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Allowable CO2 emissions based on regional and impact-related climate targets
journal contributionposted on 2016-03-08, 11:36 authored by Sonia I. Seneviratne, Markus G. Donat, Andy J. Pitman, Reto Knutti, Robert WilbyRobert Wilby
© 2016 Macmillan Publishers Limited. All rights reserved. Global temperature targets, such as the widely accepted limit of an increase above pre-industrial temperatures of two degrees Celsius, may fail to communicate the urgency of reducing carbon dioxide (CO2) emissions. The translation of CO2 emissions into regional- and impact-related climate targets could be more powerful because such targets are more directly aligned with individual national interests. We illustrate this approach using regional changes in extreme temperatures and precipitation. These scale robustly with global temperature across scenarios, and thus with cumulative CO2 emissions. This is particularly relevant for changes in regional extreme temperatures on land, which are much greater than changes in the associated global mean.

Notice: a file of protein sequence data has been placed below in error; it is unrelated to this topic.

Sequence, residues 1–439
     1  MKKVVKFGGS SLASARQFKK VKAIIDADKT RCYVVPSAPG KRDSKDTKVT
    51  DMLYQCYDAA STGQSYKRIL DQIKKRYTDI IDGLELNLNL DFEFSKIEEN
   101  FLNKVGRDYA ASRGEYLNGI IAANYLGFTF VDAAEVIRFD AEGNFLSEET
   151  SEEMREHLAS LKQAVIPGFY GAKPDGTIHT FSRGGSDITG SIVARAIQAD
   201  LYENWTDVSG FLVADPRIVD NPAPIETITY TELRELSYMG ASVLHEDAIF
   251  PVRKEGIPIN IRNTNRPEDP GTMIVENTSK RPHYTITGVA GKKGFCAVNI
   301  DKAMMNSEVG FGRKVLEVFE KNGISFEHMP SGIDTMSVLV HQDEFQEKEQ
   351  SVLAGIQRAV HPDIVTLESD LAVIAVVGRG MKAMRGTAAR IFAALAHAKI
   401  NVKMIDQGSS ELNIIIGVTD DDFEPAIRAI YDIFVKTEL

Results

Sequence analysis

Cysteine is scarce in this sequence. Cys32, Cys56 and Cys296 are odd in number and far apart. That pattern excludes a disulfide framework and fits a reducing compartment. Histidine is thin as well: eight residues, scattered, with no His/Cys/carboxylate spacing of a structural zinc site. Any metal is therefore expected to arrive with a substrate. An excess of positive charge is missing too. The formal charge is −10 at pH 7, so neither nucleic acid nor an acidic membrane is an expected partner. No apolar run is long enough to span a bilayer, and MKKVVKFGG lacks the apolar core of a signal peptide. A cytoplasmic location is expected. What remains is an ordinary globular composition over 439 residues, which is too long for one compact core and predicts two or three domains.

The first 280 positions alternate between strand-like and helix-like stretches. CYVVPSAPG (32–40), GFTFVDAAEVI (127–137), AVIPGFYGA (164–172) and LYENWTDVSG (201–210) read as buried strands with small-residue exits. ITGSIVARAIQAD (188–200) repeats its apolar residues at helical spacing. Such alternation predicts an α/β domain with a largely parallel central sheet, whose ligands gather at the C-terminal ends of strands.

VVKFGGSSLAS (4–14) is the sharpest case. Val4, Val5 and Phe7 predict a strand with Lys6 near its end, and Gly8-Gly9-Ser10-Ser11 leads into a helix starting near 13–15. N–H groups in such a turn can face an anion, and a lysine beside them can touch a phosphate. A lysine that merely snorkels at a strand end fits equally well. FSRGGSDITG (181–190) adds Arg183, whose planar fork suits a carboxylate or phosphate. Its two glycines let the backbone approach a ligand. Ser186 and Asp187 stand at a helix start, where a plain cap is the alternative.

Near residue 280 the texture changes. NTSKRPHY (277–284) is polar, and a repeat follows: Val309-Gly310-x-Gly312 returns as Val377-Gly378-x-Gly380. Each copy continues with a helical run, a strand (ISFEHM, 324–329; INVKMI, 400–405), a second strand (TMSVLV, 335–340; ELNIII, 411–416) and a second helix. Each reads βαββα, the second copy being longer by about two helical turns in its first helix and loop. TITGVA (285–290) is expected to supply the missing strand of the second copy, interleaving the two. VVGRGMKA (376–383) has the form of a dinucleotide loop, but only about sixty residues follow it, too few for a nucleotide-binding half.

S.I.S. acknowledges the European Research Council (ERC) ‘DROUGHT-HEAT’ project funded by the European Community’s Seventh Framework Programme (grant agreement FP7-IDEAS-ERC-617518). A.J.P. and M.G.D. were supported by the Australian Research Council (ARC) Centre of Excellence for Climate System Science (grant number CE110001028). M.G.D. was also supported by the ARC (grant number DE1501004).
- Geography and Environment
Pages477 - 483
CitationSENEVIRATNE, S.I. ...et al., 2016. Allowable CO2 emissions based on regional and impact-related climate targets. Nature, 529(7587), pp. 477-483.
Publisher© Nature Publishing Group
- AM (Accepted Manuscript)
Publisher statementThis work is made available according to the conditions of the Creative Commons Attribution-NonCommercial-NoDerivatives 4.0 International (CC BY-NC-ND 4.0) licence. Full details of this licence are available at: https://creativecommons.org/licenses/by-nc-nd/4.0/
NotesThis paper was accepted for publication in the journal Nature and the definitive published version is available at http://dx.doi.org/10.1038/nature16542